By Ryan K Boman, Editor in Chief
“A successful man is one who can lay a firm foundation with the bricks others have thrown at him.”
— David Brinkley
When All Elite Wrestling launched Dynamite last fall, they promised you something different. Fresh new faces, innovative matches, and a whole new viewing experience.
Their mission? To turn the wrestling world around, like an episode of ‘Flip This House‘. They wanted to change the landscape. So, it stands to reason that they would begin beautifying the backdrop of the business, as well.
As I watched AEW’s version of ‘Bash at the Beach‘ last night from South Florida, all I could think about was how perfectly they framed the show.
The stage set gave the broadcast its own, unique feel. The vibrant colors, pretty girls, and Miami Vice-based theme made it really feel like a cross between destruction and discotheque. Even Cody came out dressed like Don Johnson – circa 1986.
This is nothing new for AEW, who have already proven a knack to accessorize their events in a way that really catches the audience’s eye. And at the same time, it also enhances the experience for the in-house crowd, making them feel like their hometown is important.
And that visual difference – no matter how big or small – matters a lot. Particularly to the casual viewer, who might stop by and get hooked more on the feeling than they do on the fighting.
That extra elbow grease and eye for extravagance hasn’t been lost among their own fans either, who see it as another example of The Elite trying to make every event feel unique. And while this attention to detail isn’t (by any means) what’s driven their success, it’s very symbolic of the blueprint that All Elite Wrestling has followed, thus far. Because before all the glamour and glitter, there were tables to be set, and glasses to be poured.
And? The house had to be built first.
Before they started inviting anyone to these grand galas, Tony Khan and Company meticulously built their brand. Like the carpenters, contractors and stage hands who construct their elaborate sets, they set out with a grand idea and a vision of what they might create.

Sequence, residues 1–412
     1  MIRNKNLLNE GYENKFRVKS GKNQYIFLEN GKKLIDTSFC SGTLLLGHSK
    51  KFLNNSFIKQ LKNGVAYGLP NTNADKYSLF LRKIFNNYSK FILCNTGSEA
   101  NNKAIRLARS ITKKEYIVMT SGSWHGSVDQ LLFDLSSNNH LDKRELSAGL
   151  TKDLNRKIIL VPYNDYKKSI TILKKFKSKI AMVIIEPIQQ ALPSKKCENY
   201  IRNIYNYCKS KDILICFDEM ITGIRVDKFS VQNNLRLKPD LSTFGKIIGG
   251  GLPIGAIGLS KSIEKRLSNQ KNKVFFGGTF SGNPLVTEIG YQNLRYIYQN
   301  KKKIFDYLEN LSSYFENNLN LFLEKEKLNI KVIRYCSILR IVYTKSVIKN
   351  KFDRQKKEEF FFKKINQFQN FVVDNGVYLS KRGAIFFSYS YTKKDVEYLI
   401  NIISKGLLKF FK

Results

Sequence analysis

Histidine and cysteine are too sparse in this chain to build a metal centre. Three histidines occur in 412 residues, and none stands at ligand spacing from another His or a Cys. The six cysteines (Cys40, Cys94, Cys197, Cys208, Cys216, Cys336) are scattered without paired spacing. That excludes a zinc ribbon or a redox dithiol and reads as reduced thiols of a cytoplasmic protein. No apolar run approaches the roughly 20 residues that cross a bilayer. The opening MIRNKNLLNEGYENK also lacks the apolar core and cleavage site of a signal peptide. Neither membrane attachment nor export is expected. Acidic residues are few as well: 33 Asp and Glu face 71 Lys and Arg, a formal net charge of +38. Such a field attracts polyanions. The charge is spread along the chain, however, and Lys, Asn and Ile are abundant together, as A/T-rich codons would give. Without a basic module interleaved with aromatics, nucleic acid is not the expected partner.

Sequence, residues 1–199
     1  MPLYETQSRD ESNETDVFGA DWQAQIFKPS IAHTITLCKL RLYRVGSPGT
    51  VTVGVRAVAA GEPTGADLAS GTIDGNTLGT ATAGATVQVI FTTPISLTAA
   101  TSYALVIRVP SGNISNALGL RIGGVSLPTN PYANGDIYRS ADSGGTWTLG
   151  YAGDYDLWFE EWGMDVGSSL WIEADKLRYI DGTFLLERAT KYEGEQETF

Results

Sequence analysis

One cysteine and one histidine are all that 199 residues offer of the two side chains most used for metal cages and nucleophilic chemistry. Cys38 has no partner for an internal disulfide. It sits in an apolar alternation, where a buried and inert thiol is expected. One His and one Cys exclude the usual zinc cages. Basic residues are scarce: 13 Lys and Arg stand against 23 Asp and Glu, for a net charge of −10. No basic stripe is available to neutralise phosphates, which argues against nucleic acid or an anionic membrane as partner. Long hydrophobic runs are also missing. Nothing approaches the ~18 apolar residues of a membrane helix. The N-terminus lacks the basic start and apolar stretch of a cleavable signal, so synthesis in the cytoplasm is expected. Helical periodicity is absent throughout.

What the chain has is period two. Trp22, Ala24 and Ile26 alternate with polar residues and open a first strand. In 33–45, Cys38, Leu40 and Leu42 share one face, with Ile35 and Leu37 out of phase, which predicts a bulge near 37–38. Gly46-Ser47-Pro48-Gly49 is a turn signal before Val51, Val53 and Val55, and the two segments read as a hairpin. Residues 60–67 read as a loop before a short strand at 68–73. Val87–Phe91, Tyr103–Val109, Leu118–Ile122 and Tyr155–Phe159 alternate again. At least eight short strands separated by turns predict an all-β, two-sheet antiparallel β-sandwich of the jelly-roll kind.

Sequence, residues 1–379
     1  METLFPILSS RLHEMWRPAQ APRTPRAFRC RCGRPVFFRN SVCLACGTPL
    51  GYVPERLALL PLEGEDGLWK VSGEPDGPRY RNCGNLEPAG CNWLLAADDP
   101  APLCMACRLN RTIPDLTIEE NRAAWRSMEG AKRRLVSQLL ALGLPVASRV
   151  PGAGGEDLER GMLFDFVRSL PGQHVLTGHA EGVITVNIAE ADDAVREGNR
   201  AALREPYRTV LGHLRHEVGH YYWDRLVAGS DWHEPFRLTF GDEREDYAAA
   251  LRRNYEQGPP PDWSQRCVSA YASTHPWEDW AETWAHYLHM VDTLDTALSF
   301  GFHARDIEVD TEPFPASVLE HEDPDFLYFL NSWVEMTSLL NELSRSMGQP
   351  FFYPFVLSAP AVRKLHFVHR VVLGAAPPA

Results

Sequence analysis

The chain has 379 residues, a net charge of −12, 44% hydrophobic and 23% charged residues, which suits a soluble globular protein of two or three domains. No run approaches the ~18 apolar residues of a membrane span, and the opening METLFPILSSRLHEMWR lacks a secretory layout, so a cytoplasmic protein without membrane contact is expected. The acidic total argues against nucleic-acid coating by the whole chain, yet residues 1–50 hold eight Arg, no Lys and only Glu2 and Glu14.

Then – piece by piece, and bit by bit… they took a stack of materials, and turned them in to their own palace on the plateau of pro wrestling.
And the beautiful part is? It wasn’t always an ivory tower. They basically started from scratch.
AEW was fundamentally founded a few years ago, in the soil of the web series, Being the Elite. Then, they put their stakes in the ground at the historic ALL IN pay-per-view in late 2018. From there, they cobbled away, adding parts and pieces to make their ultimate construction come together.
The results have turned out to be much more than just any, old shop class project… far bigger than any barn or bingo hall. AEW’s foundation now appears as solid as concrete, and it appears that they have a steady partner in the path they’re paving.
The announcement came just yesterday that TNT has already decided to extend Dynamite to 2023, with an option for 2024. They’re also planning the launch of a second weekly show, which means that in just a few short months, they’ve already decided that AEW is a lucrative piece of real estate.
So, don’t believe the naysayers; This isn’t Candyland. It’s a full-fledged fortress of the future. And, it isn’t being foreclosed on any time soon.
Right now? AEW should be admiring their handiwork. Along with their loyal fan base and a billionaire owner, they’ve also just been handed an extended television contract from one of the biggest cable entities in the world… and a whole new house to play in every week.
In a very short time, they’ve proven that their blueprint can work.
Building sets… Building careers… Building a brand.
And, perhaps? Even building an empire.